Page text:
Entrenching women’s political participation at the grassroots

Participants pose for a group photo shortly after the event
Participants pose for a group photo shortly after the event
Participants pose for a group photo shortly after the event

It is believed that by removing the major cultural barriers hindering women’s participation in politics including achieving unity among women themselves, more women will have to opportunity to contest and win elective positions in the state of Kano


Women’s participation in politics, leadership and governance processes has always been a hotly debated issue in northern Nigeria, where men’s dominance over political and governance spaces and unwillingness to give women the opportunity to actively participate in political and governance processes has led to various campaigns by women’s rights organizations for the women to be given the opportunity to also play their own part in leadership processes.

Whereas women’s participation in political governance is difficult at higher levels of government i.e state and federal levels, it is even more difficult getting women to participate in political governance at the level of local government, where such participation is virtually non-existent.

It was in a bid to fashion out strategies of getting more women to actively participate in political and governance processes at the level of local government that the NGO Democratic Action Group, DAG, with the support of DFID’s Voices of Change (V4C) project, organized a one-day grassroots mobilization program to support women aspiring for local government elections in Kano, Nigeria’s second city recently.

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Particularly, the meeting was aimed at increasing women’s representation in political positions by mobilizing and encouraging more women to contest the forthcoming local government elections in the state of Kano.

It is believed that by removing the major barriers and hindrances women in politics were grappling with, including ensuring unity among women themselves, more women will have to opportunity to contest and win elections in the state.

Speaking at the event, Azumi Namadi Bebeji, the first and only woman from Kano state to serve in Nigeria’s National Assembly, said although the political space in the North was a difficult one for women, they should not be deterred urging women who were interested in contesting for political positions to actively participate in the entire election processes including ensuring they attend all political meetings and gatherings.

“I have contested and won election before and so I know the challenges and benefits of doing so. As a woman, contesting and winning an election will help you empower fellow women. I advise all women interested in contesting election to protect their dignities and that of their families by avoiding anything that will make people see them as being wayward,” says Bebeji who served as member of Nigeria’s House of Representatives between 1999 and 2003.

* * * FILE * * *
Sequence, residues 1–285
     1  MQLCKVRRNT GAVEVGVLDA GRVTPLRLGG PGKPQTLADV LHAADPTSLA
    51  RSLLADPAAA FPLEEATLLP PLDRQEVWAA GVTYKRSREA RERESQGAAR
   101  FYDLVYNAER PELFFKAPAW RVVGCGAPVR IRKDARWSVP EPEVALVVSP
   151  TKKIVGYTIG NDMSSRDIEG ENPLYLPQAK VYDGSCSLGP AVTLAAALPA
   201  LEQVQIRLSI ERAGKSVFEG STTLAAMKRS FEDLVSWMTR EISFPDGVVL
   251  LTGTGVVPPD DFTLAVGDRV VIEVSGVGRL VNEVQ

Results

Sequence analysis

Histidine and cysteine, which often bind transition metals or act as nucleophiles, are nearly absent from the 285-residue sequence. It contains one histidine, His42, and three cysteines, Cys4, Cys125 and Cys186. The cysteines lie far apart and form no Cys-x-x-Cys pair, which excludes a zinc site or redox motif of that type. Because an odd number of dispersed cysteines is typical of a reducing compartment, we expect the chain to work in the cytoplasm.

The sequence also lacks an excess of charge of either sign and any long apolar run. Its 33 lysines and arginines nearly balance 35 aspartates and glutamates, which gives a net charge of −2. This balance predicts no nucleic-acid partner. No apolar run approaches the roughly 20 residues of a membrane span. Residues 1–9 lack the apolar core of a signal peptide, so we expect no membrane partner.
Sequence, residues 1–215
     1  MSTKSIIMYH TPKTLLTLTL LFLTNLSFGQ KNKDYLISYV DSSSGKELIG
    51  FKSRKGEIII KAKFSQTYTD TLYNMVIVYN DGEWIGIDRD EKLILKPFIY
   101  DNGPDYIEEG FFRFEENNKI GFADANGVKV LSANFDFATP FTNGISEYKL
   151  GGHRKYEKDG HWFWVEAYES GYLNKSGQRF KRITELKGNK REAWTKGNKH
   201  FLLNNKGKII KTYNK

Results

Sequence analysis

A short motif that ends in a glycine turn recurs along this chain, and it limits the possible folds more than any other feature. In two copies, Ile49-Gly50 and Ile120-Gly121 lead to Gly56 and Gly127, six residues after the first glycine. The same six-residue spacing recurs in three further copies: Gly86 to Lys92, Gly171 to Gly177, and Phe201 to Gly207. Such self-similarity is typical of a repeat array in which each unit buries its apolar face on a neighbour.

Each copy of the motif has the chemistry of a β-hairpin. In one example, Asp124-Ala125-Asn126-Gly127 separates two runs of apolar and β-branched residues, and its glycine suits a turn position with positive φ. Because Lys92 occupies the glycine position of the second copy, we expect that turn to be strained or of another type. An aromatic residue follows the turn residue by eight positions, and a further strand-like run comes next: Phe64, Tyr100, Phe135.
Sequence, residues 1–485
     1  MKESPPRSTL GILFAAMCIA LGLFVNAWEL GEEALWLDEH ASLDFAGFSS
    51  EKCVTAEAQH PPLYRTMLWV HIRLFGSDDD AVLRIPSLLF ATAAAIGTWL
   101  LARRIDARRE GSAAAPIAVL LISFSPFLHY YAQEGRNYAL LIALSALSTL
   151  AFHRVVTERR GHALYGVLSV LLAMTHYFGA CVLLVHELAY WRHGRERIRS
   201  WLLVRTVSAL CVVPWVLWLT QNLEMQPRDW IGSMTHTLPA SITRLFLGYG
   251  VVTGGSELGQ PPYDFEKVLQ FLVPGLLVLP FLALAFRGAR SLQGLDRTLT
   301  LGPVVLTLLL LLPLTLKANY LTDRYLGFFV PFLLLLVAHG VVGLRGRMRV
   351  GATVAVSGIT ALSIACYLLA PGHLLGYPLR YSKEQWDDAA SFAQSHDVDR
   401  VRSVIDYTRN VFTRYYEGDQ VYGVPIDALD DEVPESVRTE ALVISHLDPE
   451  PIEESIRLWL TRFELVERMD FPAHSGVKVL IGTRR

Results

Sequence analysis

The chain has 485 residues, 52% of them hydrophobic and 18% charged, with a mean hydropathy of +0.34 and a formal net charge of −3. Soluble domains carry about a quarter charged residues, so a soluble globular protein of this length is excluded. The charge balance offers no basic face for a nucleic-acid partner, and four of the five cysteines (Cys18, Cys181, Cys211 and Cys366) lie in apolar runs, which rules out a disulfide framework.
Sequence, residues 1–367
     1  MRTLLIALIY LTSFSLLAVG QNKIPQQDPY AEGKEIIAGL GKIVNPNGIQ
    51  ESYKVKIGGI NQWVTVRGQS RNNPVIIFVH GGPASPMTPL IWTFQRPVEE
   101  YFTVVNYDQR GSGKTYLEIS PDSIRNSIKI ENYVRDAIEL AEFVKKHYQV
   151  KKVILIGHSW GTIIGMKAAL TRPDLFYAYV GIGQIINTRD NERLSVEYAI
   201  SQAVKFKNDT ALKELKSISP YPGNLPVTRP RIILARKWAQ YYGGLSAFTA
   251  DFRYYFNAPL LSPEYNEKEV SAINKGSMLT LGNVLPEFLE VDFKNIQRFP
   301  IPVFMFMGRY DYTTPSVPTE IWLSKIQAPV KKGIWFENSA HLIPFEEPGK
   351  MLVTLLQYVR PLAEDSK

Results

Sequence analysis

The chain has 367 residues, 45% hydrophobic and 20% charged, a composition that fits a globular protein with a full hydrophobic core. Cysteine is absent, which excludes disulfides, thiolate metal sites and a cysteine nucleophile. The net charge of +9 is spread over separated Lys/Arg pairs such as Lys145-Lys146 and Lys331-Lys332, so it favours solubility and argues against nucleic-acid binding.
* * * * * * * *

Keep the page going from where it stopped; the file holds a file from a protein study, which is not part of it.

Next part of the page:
Bebeji further admonished women interested in contesting for political positions not to disrespect men and instead be humble and accommodating to all and sundry adding that for women to succeed in their bid for more political positions, they needed the support of traditional leaders and religious clerics as well as the Non-Governmental Organisations (NGOs).

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Aisha Maijamaa is another female politician from Kano state who has contested for the membership of Kano State House of Assembly at three different times, without success. Maijama’a unsuccessfully aspired to represent her native Tudun Wada constituency under the platform of the All Nigeria Peoples Party (ANPP) in 2007 and 2011 as well as under the platform of Peoples Democratic Party (PDP) in 2015.

“Women should go beyond rhetoric, we have been talking for too long and it is high time we begin to use groups and platforms like the Democratic Action Group to begin action. I have contested election 3 different times under different political parties and was in all cases betrayed by male delegates. Men are not better than women and women are only being denied the opportunity to contest elections because of their gender,” says Aisha Maijamaa.

She blamed the failure of women to succeed in politics on lack of unity among women and urged women to always unite and vote for fellow women during elections, irrespective of their party differences.

Mustapha Muhammad is the executive director of the Democratic Action Group; he said his organization had been working with leaders of the various political parties and religious clerics to make the political space in Kano state friendlier to women.

He noted that, in politics, women themselves were the biggest enemies of women urging them to come together and utilize all available public events including wedding and naming ceremonies to promote and campaign for women contesting elections among the womenfolk.

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